• Recent (within 2 months) intracranial or intraspinal
surgery, or severe head trauma
• Trauma with an increased risk of life threatening
bleeding
• Presence of an epidural catheter
• Intracranial neoplasm or mass lesion or evidence of
cerebral herniation
• Known hypersensitivity to rhAPC or any component
of the product
Blood Product Administration
(2008) Red Blood Cells

• Give red blood cells when hemoglobin


decreases to 7.0 g/dL (70 g/L) to target a
hemoglobin of 7.0–9.0 g/dL in adults (1B).
• A higher hemoglobin level may be required in
special circumstances (e.g., myocardial ischaemia,
severe hypoxemia, acute hemorrhage, cyanotic heart
disease, or lactic acidosis)
Blood Product Administration (2008)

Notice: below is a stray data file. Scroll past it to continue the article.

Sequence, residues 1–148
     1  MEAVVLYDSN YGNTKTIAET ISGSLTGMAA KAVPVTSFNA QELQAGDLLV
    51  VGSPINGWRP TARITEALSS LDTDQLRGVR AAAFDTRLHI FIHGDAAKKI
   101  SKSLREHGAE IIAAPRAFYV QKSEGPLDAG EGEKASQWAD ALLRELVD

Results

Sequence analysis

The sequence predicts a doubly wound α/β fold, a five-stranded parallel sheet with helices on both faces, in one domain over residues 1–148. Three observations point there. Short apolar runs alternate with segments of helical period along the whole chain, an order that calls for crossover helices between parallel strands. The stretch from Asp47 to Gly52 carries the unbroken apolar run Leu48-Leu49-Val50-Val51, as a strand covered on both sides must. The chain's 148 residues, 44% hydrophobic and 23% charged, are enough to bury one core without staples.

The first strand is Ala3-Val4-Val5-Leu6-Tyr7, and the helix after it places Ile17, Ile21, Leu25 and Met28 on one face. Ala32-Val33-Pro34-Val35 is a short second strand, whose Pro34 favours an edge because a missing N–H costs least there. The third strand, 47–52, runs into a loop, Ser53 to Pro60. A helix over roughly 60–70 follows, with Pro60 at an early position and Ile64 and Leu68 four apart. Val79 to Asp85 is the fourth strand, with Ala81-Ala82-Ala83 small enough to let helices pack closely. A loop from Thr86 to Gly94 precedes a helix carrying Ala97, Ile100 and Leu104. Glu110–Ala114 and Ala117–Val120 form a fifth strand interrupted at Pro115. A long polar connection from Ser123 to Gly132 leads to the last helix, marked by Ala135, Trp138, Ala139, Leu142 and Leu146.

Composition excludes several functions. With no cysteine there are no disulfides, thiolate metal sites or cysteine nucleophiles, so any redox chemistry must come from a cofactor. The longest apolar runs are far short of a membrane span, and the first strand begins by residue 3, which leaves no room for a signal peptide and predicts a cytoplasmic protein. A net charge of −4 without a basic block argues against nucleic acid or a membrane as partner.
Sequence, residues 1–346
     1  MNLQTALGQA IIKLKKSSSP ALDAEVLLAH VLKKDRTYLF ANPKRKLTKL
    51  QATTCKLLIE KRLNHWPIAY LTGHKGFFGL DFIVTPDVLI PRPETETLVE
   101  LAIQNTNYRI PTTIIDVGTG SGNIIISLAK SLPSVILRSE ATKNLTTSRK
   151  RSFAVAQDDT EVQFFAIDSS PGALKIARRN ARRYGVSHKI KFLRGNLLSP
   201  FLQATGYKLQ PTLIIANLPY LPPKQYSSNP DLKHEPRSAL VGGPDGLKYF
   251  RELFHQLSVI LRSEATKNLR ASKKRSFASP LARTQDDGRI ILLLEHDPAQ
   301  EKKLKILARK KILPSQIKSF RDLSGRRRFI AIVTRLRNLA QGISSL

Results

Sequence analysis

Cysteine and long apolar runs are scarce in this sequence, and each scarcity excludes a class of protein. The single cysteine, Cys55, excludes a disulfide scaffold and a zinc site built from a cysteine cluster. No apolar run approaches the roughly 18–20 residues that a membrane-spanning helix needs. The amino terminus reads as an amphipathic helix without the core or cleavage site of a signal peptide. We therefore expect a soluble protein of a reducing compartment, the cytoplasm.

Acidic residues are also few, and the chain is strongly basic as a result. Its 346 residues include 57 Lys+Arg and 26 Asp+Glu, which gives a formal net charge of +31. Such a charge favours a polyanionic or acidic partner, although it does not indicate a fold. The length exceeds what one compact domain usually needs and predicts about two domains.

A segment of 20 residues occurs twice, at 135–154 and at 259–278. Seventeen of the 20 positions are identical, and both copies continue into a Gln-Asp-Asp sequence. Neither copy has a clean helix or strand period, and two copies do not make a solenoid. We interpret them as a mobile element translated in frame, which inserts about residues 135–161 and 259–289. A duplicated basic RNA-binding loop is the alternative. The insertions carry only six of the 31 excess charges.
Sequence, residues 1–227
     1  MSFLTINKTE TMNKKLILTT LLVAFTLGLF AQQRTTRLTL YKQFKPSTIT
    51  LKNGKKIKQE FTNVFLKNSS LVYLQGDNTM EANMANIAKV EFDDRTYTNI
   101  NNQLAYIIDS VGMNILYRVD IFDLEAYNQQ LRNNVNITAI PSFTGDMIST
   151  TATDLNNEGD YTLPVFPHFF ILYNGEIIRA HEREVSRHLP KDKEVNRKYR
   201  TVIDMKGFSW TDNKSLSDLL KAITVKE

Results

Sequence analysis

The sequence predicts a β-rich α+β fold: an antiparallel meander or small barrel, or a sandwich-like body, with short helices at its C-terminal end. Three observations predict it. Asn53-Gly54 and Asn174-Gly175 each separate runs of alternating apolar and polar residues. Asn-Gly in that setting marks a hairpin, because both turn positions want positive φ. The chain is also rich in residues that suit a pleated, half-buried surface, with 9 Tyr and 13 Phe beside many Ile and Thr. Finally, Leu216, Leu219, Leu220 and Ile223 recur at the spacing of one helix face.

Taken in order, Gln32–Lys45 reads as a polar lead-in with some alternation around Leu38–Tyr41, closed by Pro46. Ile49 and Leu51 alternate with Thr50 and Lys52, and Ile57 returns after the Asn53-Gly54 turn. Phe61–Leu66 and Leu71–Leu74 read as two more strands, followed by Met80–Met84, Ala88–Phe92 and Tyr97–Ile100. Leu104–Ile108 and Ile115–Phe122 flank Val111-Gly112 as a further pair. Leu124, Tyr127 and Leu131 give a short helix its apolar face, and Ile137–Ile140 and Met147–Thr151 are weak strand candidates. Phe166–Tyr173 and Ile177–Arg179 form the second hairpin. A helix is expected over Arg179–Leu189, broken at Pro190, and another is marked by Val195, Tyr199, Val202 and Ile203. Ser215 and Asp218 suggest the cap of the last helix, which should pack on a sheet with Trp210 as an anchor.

• Do not use erythropoietin to treat sepsis-related anemia.


Erythropoietin may be used for other accepted reasons
(chronic renal failure). (1B)
• Do not use fresh frozen plasma to correct laboratory
clotting abnormalities unless there is bleeding or
planned invasive procedures (2D)
• Do not use antithrombin therapy (1B)
Blood Product Administration (2008)

• Administer platelets when (2D)


– Counts are 5000/mm3 (5x 109/L) regardless of bleeding
– Counts are 5000–30,000/mm3 (5–30x109/L) and there is
significant bleeding risk
• Higher platelet counts (50,000/mm3 [50x 109/L]) are
required for surgery or invasive procedures
Mechanical Ventilation of Sepsis-
Induced ALI/ARDS (2008)
Mechanical Ventilation of
Sepsis-Induced ALI/ARDS
• Target a tidal volume of 6 mL/kg (predicted) body
weight in patients with ALI/ARDS (1B)
• Target an initial upper limit plateau pressure 30 cm
H2O. Consider chest wall compliance when
assessing plateau pressure (1C)